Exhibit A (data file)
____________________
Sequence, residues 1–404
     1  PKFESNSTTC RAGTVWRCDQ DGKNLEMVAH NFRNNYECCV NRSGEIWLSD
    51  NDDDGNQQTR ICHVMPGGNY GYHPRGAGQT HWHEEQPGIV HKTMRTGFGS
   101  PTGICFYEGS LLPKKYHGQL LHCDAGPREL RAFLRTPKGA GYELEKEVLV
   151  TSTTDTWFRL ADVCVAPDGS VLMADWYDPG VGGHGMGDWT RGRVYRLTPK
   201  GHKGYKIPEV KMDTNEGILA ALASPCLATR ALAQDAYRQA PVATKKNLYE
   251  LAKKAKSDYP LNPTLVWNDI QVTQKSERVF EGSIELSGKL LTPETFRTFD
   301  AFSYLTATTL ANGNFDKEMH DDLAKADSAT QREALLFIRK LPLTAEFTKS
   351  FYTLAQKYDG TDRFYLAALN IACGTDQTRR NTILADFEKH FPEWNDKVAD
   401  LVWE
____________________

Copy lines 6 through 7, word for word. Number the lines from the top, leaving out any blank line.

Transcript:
   201  GHKGYKIPEV KMDTNEGILA ALASPCLATR ALAQDAYRQA PVATKKNLYE
   251  LAKKAKSDYP LNPTLVWNDI QVTQKSERVF EGSIELSGKL LTPETFRTFD